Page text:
In the configuration as shown, the carrying device includes twelve substantially cylindrical compartments 40, each being sized and shaped to receive a tube of caulk 20. Though the compartments are preferably cylindrical, they may also be slightly narrower at the bottom than at the top to hold the tubes firmly in place while facilitating easy removal. Although twelve compartments are shown in the example of
The caddy 10 is preferably produced from a durable plastic material. Thermoplastics such as polyethylene, polypropylene, and other similar thermoplastic materials are acceptable choices, although other materials are also suitable. Members of this family are recognized universally as being versatile and of high quality. The benefits of using thermoplastic materials are that they have a wide range of qualities. They may be lightweight but extremely durable, rigid or flexible, opaque, or transparent, resistant to heat and chemicals, and unyielding or springy. The invention is not limited to material choices for the construction of the caddy, however, which may also be constructed from wood, metal, or other materials.
Current caulk tubes are commercially sold in two primary sizes, and therefore preferred embodiments of the invention are configured to accommodate these sizes. One such tube holds approximately a quart of caulk and measures 2¾ inches in diameter, twelve inches from the bottom to the top of the tube, and an additional four inches for the tip. A smaller commercial tube measures about two inches in diameter, just over eleven inches in height, and a tip of about 2¾ inches. Although the invention is not constrained to particular tube sizes and may be made to accommodate these or other sizes of caulk tubes, preferred versions of the invention are configured to accept commercially available tube sizes.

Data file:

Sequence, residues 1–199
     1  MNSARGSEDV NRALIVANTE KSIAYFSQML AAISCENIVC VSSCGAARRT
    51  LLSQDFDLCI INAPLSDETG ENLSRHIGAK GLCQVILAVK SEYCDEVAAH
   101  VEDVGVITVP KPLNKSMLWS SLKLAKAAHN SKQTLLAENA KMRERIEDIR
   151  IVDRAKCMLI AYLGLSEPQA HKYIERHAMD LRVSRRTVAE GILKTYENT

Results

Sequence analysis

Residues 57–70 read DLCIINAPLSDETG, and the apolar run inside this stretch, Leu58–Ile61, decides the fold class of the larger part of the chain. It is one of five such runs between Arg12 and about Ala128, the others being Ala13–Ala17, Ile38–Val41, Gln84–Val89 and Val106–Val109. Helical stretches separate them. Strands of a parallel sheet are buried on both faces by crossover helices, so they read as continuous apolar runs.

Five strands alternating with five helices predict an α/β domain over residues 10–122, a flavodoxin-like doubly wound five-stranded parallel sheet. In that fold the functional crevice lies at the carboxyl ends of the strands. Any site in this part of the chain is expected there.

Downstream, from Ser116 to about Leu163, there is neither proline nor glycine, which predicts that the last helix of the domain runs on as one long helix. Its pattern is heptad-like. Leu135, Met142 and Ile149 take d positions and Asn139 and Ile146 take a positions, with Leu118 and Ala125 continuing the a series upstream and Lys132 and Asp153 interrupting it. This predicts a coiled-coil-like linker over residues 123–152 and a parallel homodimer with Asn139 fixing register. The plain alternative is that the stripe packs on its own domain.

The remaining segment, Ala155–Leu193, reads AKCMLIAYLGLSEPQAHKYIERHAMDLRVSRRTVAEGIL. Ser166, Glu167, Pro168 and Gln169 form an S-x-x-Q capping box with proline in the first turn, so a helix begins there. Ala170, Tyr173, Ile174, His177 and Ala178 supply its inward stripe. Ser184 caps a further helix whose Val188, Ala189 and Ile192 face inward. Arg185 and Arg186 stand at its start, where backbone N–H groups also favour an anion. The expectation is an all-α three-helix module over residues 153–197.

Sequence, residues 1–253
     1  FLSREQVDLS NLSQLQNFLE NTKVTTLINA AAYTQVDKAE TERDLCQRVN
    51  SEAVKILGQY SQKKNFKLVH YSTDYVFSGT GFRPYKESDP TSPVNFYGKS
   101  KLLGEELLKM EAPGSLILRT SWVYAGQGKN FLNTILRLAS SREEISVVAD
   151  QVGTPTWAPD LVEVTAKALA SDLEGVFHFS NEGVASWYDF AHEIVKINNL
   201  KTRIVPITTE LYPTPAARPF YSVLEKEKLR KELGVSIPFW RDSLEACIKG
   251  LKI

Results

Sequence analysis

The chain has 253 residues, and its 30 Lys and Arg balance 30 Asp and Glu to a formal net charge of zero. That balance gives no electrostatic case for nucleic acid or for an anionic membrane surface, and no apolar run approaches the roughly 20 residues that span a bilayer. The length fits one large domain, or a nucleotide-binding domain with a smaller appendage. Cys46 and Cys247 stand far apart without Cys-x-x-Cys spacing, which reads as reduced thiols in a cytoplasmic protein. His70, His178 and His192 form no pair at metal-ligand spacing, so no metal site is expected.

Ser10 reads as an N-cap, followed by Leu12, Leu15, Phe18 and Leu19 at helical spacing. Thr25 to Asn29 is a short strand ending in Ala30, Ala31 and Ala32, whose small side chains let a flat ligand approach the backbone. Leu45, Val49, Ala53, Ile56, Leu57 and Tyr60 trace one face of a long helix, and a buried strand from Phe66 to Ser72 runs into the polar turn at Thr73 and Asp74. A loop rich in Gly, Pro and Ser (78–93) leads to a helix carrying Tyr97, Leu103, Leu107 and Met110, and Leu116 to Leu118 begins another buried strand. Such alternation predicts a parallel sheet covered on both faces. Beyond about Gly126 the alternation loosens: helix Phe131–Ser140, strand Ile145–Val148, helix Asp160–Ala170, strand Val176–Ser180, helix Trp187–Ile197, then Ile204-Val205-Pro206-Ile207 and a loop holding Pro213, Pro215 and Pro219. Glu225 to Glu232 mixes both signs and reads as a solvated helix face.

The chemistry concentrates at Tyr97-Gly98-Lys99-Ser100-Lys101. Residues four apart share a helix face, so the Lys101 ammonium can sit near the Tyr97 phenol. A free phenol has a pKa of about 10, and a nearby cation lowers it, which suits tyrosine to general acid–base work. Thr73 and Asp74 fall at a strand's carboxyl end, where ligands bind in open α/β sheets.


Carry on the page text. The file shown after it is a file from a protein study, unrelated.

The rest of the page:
As best seen in
As illustrated in
The caddy 10 further includes a projection 70 that serves as a tip puncturing device. The projection 70 is preferably constructed in the form of a metal spike or nail embedded into the plastic forming the caddy 10. As best seen in
As shown in
A handle 80 extends upward from the caddy at a location between the two sets of compartments, overlying the intermediate space between the sets or rows of compartments. Most preferably, the height of the handle is somewhat below the height of the tips of tubes of caulk when inserted into the compartment so that multiple caddies can be stacked atop one another as described above.
A central cavity or slot 100 is provided in an intermediate space between the sets of compartments and is open at one end of the caddy 10, preferably the end opposite the location of the projection 70. The slot 100 is configured to receive a caulk gun, whether loaded with a tube of caulk or empty. The slot is preferably oriented in a slightly angular fashion so that the tip of the caulk gun is below the handle of the caulk gun. In addition, the overall length of the caddy is such that the slot 100 can fully receive the caulk gun while leaving the handle of the caulk gun exposed for easy access. In an alternate form, the intermediate space may comprise a shelf or similar platform configured to support a caulk gun.
As a further feature of the preferred form of the invention, a caulk gun can rest atop a set of compartments (with the compartments empty). As shown in
The caulk caddy as described above is extremely easy to use. The user simply loads the compartments with the desired types of caulk tubes and inserts the caulk gun. The user then grasps the handle to easily lift and carry the caddy to the desired work site.
While the preferred embodiment of the invention has been illustrated and described, as noted above, many changes can be made without departing from the spirit and scope of the invention. Accordingly, the scope of the invention is not limited by the disclosure of the preferred embodiment. Instead, the invention should be determined entirely by reference to the claims that follow.
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|Citing Patent||Filing date||Publication date||Applicant||Title|
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|U.S. Classification||294/146, 206/384, 294/141|
|International Classification||A45F5/00, B65D85/00|
|Cooperative Classification||A45F5/10, B25H3/00|
|European Classification||B25H3/00, A45F5/10|